UK Politics

Britain should stay in EU to protect economy, CBI says

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The success of the UK economy depends on staying in the EU, the head of the country's biggest business group says.

Confederation of British Industry (CBI) director general John Cridland told the Observer EU membership supported jobs, growth and the UK's "competitiveness".

His comments come after Prime Minister David Cameron lost a vote on the next president of the European Commission.

He tried to block the appointment of Jean-Claude Juncker, who is seen as a backer of closer political union.

EU states voted 26-2 to appoint Mr Juncker on Friday, and Mr Cameron called it a "bad day for Europe".

Image caption John Cridland says the CBI will try to keep Britain in the EU

Mr Cameron wants to renegotiate Britain's position in the EU before holding a referendum on membership after the next general election.


Some Conservative MPs believe Britain should leave the EU, and on Friday Tory MEP Daniel Hannan proposed a "Swiss-type deal where we are only in the free market and we are outside everything else".

But Mr Cridland opposed this, saying: "Alternatives to full membership of the EU simply wouldn't work, leaving us beholden to its rules without being able to influence them."

He said the CBI, which lobbies the government on behalf of businesses, would "continue to press the case for the UK remaining in a reformed European Union".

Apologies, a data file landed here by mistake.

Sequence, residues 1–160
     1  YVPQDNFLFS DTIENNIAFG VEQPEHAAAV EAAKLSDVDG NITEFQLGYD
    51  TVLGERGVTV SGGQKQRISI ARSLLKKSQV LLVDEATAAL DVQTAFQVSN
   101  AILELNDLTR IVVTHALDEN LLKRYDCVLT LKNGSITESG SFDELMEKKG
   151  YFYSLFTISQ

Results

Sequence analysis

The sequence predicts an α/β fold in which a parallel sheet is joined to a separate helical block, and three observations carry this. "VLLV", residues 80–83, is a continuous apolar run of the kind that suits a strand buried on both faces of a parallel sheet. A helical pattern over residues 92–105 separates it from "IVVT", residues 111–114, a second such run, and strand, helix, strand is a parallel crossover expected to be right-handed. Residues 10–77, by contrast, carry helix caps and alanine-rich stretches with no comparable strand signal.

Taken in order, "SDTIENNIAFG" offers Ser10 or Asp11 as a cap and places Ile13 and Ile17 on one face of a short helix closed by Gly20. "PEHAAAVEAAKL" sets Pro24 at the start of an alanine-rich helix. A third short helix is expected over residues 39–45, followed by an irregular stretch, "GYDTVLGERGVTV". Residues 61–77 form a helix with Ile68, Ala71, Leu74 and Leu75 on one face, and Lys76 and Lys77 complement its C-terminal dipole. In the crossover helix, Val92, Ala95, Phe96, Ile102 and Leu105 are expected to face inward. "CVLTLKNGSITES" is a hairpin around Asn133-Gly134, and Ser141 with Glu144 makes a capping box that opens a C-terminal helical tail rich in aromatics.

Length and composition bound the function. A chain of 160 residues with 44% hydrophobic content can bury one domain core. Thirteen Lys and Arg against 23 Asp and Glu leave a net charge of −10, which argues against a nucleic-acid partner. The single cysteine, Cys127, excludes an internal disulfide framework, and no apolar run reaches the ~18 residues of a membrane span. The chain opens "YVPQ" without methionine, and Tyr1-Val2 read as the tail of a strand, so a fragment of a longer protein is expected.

"The EU is our biggest export market and remains fundamental to our economic future," he said.

"Our membership supports jobs, drives growth and boosts our international competitiveness."

After Friday's European vote Labour leader Ed Miliband said the UK was now "closer to the exit door" in Europe, posing a threat to the economy, and UKIP leader Nigel Farage said Mr Cameron had been "utterly humiliated".

But Health Secretary Jeremy Hunt said Mr Cameron had been "brave" to take on Europe and said the debate had now changed.

The leaders of Sweden and Germany offered the PM some encouragement after the vote.

Swedish PM Fredrik Reinfeldt said he knew closer union was not "for everyone", and German Chancellor Angela Merkel said she was "ready to address British concerns".

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